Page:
A pair of bipartisan senators wants to solve Congress' next big fight in the easiest — yet most politically unpalatable — way possible.
Sens. Bob Corker (R-Tennessee) and Chris Murphy (D-Connecticut) on Wednesday introduced a plan to shore up the Highway Trust Fund, a transportation and infrastructure fund that finances thousands of road, bridge, transit, and infrastructure projects around the nation.
The fund is projected to run out of money sometime this summer, prompting warnings from the White House about Congress' next self-inflicted disaster as it struggles to come to a solution.
Corker and Murphy think they have the solution: Raise the federal gas tax.
It's widely viewed as the simplest fix to solve the potential crisis. But in a midterm-election year, no one has even floated the possibility until now. Tax hikes in general are broadly unpopular, and a gas-tax increase would hit a huge number of Americans where it would hurt most.
But Murphy said the tough choice would pay dividends for the fund in the long run, and Corker said it was an "embarrassment" that no one has spoke about this potential solution already.
"In Washington, far too often, we huff and puff about paying for proposals that are unpopular, yet throw future generations under the bus when public pressure mounts on popular proposals that have broad support," Corker said in a statement.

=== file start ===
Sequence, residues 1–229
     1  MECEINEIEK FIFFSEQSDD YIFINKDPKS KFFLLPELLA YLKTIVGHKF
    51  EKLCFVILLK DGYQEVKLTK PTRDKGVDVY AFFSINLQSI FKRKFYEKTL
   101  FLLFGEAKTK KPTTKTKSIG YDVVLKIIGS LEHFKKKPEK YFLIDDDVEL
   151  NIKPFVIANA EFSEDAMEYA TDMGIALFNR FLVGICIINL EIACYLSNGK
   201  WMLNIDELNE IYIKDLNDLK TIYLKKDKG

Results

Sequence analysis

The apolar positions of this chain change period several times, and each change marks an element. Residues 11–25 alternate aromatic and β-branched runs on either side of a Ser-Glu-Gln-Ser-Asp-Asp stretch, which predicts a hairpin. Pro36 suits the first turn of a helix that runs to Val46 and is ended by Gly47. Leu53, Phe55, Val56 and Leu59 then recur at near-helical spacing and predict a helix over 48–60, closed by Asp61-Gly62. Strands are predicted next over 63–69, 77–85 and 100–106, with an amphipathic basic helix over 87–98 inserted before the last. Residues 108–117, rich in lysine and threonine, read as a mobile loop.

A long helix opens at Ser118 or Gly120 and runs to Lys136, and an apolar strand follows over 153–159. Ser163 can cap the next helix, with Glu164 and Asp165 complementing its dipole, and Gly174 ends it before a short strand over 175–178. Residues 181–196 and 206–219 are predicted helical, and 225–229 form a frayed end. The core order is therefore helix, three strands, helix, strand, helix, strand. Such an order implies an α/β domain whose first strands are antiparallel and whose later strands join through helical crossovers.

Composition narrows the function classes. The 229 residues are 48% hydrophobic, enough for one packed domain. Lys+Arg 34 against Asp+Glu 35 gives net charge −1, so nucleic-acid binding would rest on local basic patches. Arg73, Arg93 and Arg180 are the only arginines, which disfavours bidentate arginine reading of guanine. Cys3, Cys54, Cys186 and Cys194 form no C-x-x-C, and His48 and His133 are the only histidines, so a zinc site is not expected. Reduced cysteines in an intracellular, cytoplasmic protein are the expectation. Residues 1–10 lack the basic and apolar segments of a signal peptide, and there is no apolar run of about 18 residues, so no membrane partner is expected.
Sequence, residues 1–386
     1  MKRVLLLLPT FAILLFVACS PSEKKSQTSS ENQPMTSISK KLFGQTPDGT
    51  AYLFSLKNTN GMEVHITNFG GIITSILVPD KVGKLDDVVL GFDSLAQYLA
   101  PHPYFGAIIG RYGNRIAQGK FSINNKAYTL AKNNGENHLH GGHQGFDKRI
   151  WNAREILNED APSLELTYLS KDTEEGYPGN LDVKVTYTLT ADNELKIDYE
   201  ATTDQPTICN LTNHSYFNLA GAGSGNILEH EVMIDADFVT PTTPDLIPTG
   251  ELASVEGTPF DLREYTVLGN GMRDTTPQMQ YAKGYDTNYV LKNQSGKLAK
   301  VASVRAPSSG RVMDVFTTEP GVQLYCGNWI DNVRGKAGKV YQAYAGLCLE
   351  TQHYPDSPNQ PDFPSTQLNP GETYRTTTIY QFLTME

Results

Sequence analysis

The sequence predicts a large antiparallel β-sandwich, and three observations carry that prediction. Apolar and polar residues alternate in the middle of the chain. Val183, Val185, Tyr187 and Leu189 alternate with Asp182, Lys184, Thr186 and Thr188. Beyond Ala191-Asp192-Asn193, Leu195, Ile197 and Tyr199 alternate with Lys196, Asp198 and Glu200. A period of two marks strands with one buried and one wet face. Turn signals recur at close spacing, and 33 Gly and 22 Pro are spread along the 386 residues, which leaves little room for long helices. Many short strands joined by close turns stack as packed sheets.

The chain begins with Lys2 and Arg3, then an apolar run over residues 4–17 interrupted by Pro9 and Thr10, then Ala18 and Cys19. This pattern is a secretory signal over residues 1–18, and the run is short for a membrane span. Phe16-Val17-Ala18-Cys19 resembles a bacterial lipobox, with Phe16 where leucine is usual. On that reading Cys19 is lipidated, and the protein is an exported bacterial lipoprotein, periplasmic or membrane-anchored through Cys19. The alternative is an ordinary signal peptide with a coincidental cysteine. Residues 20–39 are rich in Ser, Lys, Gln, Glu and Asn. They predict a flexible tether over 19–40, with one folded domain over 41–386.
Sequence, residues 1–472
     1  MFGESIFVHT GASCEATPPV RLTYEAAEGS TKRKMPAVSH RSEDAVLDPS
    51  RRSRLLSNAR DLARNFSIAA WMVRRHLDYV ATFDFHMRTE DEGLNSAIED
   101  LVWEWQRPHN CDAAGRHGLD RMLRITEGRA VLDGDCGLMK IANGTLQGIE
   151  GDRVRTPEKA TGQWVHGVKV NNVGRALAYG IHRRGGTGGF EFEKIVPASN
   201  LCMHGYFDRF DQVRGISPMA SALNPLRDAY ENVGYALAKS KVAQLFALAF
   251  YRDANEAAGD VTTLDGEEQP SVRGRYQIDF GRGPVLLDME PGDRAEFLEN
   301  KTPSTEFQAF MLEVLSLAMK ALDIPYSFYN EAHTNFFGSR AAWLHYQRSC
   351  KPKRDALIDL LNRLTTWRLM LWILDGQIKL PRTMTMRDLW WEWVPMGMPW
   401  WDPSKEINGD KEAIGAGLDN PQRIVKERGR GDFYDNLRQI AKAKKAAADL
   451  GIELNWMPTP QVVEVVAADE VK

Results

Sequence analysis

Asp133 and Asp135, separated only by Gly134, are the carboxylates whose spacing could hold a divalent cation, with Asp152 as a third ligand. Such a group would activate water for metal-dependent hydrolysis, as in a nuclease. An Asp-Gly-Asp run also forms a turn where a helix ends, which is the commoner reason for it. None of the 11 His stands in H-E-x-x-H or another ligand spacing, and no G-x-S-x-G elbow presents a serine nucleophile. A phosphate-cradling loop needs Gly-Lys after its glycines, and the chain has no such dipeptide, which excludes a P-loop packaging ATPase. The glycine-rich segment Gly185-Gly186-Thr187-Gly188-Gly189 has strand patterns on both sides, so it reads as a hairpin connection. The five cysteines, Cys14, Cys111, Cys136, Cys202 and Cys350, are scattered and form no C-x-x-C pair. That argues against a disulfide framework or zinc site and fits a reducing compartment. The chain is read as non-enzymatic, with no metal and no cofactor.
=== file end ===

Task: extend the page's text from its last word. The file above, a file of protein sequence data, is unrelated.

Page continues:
"Congress should be embarrassed that it has played chicken with the Highway Trust Fund and allowed it to become one of the largest budgeting failures in the federal government."
Corker and Murphy are proposing to lift the gas tax by 6 cents over each of the next two years — 12 cents in total. Their proposal would also index the gas tax to inflation, so it would rise automatically in the future to keep up with inflation. The federal gas tax has not been raised since 1993, which the senators consider to be a major factor of the current looming crisis.
To offset the revenue raised from raising the gas tax, Corker and Murphy said Congress should pass the expired tax extenders, which they said would provide close to $190 billion in tax relief for businesses and families in the next 10 years.
"For too long, Congress has shied away from taking serious action to update our country’s aging infrastructure," Murphy said in a statement. "We’re currently facing a transportation crisis that will only get worse if we don’t take bold action to fund the Highway Trust Fund."
It's not yet clear what kind of support the plan will have in the Senate — where one-third of members are facing re-election bids — or in the House. But it has picked up support from groups like the Chamber of Commerce and AAA.
"The American Road & Transportation Builders Association (ARTBA) welcomes the common sense, fiscally-sound and bipartisan proposal from Senators Murphy and Corker to provide a long-term sustainable funding solution to fix the Highway Trust Fund," says Pete Ruane, ARTBA President & CEO.
“Congress has patched the trust fund four times since 2008," he continues. "Every short-term fix requires more money. The fund’s structural deficit now requires $16 billion in additional revenue every year just to maintain current investment for highway and public transportation improvements. It is time to stop pretending this problem will solve itself. Senators Murphy and Corker have provided one potential path forward."